Moore, Oklahoma New Home and Safe Room for Homeowners

Don Staley and his family are no strangers to storms and tornadoes. Their first
home was hit by a tornado in October 1998 and suffered minor damage but was
destroyed by another tornado on May 3, 1999. They rode out both storms inside
the house. It was such a frightening sound, he said. We decided we werent
going to ride out another one inside the house.

In December 2000, the Staleys new home was ready. Shortly after moving in,
they had an above-ground safe room constructed on the back patio. The concrete
room has 8-inch thick walls, an 18-inch thick ceiling, a 10-inch foundation, and a
sliding entry door made of 12-gauge steel with -inch plywood on each side. The
safe room is equipped with battery-powered lights and a battery-powered
television.

When the warning sirens sounded on May 8, 2003, Don took shelter in the safe
room along with his dog and two cats to ride out the storm feeling very protected
and safe. I was watching it on TV in there, he recalled. I could see it was
coming my way and I could hear it coming. I could hear the roar. Thats a sound
you never forget.

When he emerged from the shelter, he found his house in shambles with the roof
ripped off. Other houses on the street were also heavily damaged or destroyed.
The Staleys used their safe room following the tornado to store and protect
belongings they had salvaged.

The Staleys home was among the more than 300 homes destroyed in the city that
day. Whereas a severe tornado hit the city in May of 1999 claiming 44 lives,
there were no deaths in the 2003 tornado. The absence of fatalities is attributed to
community preparedness, improved early warning systems, and the many safe
rooms and shelters that have been built.

Staley sums it all up, The safe room saved my life, it came through with flying
colors. Its worth a million bucks to me.

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Lesson 1. Hazard Mitigation: Sustainable Futures for At-Risk Communities

Hazard Mitigation Successes (Continued)

Earthquake Mitigation: Public School Retrofit Program


Lake Washington, Washington Efforts Prompted By Parents and Staff

It was April 29, 1965, when the last major earthquake struck western Washington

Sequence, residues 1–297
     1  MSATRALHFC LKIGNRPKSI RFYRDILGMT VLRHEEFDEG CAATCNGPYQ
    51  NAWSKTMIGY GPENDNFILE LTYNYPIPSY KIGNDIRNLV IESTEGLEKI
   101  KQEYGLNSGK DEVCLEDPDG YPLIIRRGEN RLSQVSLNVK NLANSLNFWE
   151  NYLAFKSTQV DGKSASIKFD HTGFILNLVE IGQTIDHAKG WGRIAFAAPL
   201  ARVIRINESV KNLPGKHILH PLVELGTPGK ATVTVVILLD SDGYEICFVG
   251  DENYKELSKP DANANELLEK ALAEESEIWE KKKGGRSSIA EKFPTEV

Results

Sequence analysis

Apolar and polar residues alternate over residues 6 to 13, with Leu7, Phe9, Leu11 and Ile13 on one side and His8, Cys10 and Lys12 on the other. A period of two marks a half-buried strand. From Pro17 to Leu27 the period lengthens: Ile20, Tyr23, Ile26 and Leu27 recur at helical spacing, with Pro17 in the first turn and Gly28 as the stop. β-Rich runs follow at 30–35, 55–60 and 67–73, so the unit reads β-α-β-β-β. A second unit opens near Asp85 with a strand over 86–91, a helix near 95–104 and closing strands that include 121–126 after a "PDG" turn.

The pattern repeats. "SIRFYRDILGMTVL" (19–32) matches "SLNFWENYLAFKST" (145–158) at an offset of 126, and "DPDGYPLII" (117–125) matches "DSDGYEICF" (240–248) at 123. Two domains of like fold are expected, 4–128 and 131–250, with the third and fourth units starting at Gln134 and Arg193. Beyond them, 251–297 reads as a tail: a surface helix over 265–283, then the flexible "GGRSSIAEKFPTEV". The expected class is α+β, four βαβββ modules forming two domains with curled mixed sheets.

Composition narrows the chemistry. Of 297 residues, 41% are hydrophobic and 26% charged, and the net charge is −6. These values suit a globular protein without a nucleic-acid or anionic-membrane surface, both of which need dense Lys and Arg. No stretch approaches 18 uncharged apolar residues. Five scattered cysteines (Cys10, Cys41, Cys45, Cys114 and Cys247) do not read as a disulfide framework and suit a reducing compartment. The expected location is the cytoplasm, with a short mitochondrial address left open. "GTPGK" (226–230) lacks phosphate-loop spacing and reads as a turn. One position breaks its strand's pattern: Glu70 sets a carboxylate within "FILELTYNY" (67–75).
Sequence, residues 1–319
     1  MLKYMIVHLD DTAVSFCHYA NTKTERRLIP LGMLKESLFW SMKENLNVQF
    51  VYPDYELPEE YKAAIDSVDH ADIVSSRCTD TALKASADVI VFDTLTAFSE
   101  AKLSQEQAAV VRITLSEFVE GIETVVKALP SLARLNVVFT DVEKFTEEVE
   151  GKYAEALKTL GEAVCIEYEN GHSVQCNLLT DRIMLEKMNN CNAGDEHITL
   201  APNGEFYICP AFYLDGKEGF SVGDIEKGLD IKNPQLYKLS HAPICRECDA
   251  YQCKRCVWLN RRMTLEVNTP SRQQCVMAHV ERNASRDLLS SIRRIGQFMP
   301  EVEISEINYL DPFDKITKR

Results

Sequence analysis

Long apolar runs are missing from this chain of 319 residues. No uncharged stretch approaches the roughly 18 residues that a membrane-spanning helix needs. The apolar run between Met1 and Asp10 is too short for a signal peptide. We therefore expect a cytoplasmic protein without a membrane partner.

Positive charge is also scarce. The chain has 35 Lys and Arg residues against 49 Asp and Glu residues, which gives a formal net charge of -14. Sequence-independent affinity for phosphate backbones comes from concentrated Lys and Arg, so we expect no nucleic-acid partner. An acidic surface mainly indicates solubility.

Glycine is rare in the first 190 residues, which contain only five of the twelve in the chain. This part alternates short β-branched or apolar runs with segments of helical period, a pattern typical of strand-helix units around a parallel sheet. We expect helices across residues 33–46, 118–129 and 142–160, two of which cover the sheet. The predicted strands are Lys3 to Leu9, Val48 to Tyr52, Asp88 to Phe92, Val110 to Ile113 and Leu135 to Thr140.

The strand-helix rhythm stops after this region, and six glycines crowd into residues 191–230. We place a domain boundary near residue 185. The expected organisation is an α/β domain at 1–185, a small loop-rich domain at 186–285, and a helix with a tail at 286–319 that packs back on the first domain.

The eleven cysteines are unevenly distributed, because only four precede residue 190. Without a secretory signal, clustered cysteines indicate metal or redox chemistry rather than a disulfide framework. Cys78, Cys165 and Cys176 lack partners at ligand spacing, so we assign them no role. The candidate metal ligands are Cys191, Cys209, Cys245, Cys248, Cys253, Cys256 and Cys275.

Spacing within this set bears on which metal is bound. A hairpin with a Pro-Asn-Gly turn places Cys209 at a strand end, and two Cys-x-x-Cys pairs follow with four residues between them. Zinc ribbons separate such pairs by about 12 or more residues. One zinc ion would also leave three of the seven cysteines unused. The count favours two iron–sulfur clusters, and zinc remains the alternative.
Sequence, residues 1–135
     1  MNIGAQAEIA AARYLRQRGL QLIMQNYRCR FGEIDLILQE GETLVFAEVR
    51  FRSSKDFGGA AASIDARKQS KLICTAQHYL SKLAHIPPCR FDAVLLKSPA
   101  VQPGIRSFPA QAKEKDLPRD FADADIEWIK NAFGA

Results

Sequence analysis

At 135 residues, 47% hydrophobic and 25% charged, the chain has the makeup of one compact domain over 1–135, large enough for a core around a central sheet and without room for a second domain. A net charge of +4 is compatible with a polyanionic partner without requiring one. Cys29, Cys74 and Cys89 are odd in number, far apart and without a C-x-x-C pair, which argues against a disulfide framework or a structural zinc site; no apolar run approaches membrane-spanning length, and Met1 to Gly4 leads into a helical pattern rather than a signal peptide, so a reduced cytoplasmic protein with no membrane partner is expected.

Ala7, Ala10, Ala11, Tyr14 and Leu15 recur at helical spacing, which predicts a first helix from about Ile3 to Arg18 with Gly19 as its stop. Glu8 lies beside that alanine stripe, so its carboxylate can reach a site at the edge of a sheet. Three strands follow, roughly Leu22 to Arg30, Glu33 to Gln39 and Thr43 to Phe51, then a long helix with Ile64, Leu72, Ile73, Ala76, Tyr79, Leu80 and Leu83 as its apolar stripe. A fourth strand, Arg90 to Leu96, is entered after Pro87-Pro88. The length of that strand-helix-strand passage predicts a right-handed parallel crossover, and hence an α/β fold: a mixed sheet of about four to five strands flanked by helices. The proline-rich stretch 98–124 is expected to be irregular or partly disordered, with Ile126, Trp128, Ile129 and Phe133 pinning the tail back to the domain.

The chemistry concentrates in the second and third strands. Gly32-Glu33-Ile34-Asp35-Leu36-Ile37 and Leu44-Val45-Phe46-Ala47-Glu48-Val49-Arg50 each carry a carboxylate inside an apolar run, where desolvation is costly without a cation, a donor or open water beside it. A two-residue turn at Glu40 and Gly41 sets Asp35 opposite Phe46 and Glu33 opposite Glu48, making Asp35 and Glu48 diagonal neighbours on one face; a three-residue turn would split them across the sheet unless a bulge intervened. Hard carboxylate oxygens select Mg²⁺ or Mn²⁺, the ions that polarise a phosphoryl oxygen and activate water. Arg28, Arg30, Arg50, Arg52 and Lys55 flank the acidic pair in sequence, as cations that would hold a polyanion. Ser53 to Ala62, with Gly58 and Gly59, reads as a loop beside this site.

State. While aware of the possibility of another event, locals had been lax in their
efforts to take action. With population growth over the years, and the building of
more schools in the Lake Washington School District, parents and district staff
members began vocalizing their concern about the risk of earthquake and what
would happen to their children in such an event.

In early 1992, local engineers assessed the safety of the school buildings.
Because schools did not have a lot of money, local funds would be used, and a
plan was developed. The plan would determine the cost to complete structural
and nonstructural projects for seismic retrofit.

The school district including Kirkland, Redmond, and parts of King County
imposed a construction levy on the 1992 general election ballot to raise funds for
seismic upgrades, a safety program, and also an Americans with Disabilities Act
(ADA) program. A 2-year levy was initiated in 1996 and a 4-year levy in 1998
with total funds, for retrofit alone, in the amount of about $6 million. Structural
and nonstructural retrofitting has been done.

On February 28, 2001, mitigation and safety measures in the Lake Washington
School District were tested when a strong 6.8 earthquake struck the Nisqually
Basin and Puget Sound area of western Washington. Most of the schools in the
district are built on a liquefaction zone that caused the ground to roll like jelly,
said Forrest Miller, Director of Support Services for the School System. The
buildings were all tested and nothing failed. The only thing that fell was one light
fixture in the oldest building which was built in 1952.

There are several successes to this story. Mr. Miller stated he is so impressed
with the people in this district who got things done! Because of their vision and
perseverance, lives as well as millions of dollars were saved. Due to their
ongoing safety drills, the children and teachers were well trained, and were
actually training the adults on what to do.

Custodians and other appropriate employees have received the Applied


Technology Council (ATC) Training, which teaches rapid visual assessment of
interior structures. Immediate inspection can be done after an incident, which in